The Court of Justice of the EU is currently made up of 27 judges, one for each Member State. These judges are appointed by mutual agreement by the governments of the states for a period of six years. They are assisted in their tasks by eight “Advocates-General” whose basic job is to submit studies –on whatever matters the Court may require– as opinions in which, after analysis of the facts and fundamental points of law, the solution to the case is proposed. These studies are known as “submissions of the Advocate- General” and are published with the name of the Advocate-General who has made them. However, they are not binding on the Court, although in practice the Court does usually follow the recommendations they contain. The Advocates-General form part of the Court of Justice’s organisational structure.

The Court’s basic tasks are as follows:

  1. To check that the acts of the Community institutions (Council, Commission) are legally admissible, which is why provision is made for various remedies, particularly the so-called rescissory action, the purpose of which is to annul any Community actions which overstep the mark as regards what Community law allows.
  2. To check that the Member States meet their obligations. To this end, various procedural remedies are provided for, outstanding among which is action for the failure of States to fulfil their obligations.
  3. To ensure the uniform application and interpretation of Community law throughout the European Union. This function is of great importance. The Court is said to have a “monopoly on the interpretation” of Community law, which means that it has the last word on any question that arises relating to how a specific provision is to be interpreted. It is also competent to declare invalid any Community provisions which are incompatible with or contradictory to the Treaties.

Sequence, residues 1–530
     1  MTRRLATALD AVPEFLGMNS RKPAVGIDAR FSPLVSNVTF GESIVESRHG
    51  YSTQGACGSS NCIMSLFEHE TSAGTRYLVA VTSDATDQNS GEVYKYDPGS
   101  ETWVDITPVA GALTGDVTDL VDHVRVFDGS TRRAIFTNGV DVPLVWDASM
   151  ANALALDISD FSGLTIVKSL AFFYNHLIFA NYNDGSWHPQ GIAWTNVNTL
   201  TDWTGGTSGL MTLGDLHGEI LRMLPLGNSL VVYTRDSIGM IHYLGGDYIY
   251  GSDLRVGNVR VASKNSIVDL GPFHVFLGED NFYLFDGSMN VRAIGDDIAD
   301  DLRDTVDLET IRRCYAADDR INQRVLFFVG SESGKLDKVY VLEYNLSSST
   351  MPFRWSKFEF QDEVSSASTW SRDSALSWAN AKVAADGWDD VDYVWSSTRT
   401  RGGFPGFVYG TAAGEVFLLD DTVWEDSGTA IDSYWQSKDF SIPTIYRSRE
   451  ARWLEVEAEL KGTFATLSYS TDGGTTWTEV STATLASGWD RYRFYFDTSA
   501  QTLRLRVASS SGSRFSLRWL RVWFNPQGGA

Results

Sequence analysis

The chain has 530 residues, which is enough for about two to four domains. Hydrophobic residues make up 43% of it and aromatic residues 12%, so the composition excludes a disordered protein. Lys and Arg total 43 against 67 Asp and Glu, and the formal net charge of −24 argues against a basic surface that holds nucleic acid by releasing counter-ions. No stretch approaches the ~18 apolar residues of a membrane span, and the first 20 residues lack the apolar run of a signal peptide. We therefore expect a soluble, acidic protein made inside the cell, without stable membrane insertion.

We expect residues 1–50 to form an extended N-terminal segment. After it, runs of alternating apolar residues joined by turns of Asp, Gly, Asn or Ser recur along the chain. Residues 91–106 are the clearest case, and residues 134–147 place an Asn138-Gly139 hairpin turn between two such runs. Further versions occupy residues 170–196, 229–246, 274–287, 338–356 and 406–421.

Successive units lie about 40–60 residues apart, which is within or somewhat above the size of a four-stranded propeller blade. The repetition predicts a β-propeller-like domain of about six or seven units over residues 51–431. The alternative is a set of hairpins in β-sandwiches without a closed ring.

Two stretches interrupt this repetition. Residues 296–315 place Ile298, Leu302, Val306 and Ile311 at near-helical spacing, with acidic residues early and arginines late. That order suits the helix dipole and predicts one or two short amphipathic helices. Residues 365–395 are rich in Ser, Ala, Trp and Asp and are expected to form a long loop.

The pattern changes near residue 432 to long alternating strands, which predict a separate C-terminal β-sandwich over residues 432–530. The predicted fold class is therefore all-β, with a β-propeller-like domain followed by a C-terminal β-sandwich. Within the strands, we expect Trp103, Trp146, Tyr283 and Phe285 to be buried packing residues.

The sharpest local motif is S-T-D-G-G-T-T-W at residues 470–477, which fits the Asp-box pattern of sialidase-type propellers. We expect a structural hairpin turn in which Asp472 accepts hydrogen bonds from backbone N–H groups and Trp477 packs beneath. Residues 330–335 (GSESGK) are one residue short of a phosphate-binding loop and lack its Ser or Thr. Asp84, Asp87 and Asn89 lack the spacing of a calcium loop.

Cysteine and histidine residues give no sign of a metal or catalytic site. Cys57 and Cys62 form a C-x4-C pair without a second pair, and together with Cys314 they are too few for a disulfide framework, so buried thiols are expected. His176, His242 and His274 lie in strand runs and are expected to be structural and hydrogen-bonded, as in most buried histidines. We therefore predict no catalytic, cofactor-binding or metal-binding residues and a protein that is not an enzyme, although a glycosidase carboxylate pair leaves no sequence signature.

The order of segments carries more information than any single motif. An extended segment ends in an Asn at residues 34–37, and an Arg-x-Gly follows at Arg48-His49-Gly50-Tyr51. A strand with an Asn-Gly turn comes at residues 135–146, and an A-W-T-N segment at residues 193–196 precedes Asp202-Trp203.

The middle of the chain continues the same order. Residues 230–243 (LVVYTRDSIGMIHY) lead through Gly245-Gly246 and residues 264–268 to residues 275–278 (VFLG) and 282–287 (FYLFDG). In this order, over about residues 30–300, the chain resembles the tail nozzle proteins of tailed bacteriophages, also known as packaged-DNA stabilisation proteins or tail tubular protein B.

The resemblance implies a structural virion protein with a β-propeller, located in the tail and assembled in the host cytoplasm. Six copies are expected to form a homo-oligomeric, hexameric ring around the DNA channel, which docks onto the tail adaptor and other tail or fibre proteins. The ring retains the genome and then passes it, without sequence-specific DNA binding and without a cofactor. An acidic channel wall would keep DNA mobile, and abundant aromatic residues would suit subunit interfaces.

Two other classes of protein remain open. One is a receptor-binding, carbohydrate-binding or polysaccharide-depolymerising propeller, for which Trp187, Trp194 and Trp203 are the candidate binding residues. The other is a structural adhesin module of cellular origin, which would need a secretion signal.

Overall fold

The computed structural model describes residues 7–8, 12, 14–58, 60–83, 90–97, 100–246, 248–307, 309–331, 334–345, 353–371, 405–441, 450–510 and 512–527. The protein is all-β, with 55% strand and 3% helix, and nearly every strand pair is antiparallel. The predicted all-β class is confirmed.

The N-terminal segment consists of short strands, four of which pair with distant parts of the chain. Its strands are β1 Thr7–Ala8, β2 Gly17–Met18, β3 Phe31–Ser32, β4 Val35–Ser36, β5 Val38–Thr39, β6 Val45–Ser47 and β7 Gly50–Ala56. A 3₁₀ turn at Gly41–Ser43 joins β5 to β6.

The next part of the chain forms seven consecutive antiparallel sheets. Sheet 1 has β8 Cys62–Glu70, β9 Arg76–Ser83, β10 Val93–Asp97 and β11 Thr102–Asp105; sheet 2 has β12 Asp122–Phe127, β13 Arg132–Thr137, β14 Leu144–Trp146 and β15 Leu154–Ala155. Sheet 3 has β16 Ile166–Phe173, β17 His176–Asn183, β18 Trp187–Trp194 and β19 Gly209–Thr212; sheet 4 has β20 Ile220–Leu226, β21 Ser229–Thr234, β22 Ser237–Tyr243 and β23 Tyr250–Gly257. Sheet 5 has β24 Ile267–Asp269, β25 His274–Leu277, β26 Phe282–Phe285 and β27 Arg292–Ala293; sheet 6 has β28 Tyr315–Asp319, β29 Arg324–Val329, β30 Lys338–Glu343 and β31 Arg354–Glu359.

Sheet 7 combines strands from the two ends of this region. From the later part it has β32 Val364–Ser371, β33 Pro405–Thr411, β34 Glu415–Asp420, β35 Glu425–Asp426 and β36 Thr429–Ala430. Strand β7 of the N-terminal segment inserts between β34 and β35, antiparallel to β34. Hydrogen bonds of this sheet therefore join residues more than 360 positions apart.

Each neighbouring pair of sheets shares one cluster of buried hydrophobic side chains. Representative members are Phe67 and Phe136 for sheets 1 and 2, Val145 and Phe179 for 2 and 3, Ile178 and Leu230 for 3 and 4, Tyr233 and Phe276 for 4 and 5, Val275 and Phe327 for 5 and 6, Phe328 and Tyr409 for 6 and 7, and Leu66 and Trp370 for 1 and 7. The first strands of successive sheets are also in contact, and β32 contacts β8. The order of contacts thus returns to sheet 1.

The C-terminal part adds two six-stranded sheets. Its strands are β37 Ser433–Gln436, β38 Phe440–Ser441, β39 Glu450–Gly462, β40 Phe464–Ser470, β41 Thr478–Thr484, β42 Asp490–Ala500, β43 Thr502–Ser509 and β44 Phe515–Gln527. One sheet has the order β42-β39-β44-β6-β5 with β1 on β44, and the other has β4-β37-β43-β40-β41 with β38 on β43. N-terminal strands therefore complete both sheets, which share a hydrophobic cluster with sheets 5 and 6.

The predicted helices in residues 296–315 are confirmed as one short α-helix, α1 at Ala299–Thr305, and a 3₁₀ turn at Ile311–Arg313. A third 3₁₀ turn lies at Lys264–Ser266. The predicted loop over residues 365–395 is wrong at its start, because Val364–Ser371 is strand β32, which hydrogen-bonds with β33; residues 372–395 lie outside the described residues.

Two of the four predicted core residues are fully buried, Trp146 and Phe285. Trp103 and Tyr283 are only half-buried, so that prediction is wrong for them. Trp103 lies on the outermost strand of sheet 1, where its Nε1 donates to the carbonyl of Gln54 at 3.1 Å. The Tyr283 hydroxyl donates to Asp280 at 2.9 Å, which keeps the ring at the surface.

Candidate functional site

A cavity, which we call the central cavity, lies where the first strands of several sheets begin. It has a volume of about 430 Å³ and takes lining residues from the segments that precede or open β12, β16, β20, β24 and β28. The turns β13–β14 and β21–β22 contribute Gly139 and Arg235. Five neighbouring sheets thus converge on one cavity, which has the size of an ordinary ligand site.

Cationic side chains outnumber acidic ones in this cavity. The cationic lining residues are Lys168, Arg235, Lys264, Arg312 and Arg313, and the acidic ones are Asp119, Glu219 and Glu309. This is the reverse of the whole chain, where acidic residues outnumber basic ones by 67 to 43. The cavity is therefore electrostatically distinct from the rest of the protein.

4. To go more deeply into the development of rules of Community law, covering possible “gaps”, resolving any contradictions, and clarifying rules which the Treaties assume but do not formulate explicitly.

As you can see, these are extensive and very important tasks. Hence the enormous importance of the Court of Justice, which has been rightly called the “legal engine” of European integration.

The Court has a “monopoly on the interpretation” of Community law when any question arises relating to how a specific provision is to be interpreted

Implications for European citizens

From the point of view of private individuals like you and me, and also as far as companies are concerned, it has to be borne in mind that the vast majority of matters that can affect us are conducted before national judges – in our case before Spanish judges. In other words, it is the national judges who form the ordinary jurisdiction in the application of European law. This makes sense: imagine what it would be like if the Luxembourg Court had to resolve all the questions of individuals and companies.

Spanish judges apply Community law because it is also Spanish law. This is what is meant when we say that European law is integrated into national law. In effect, it becomes part of national law.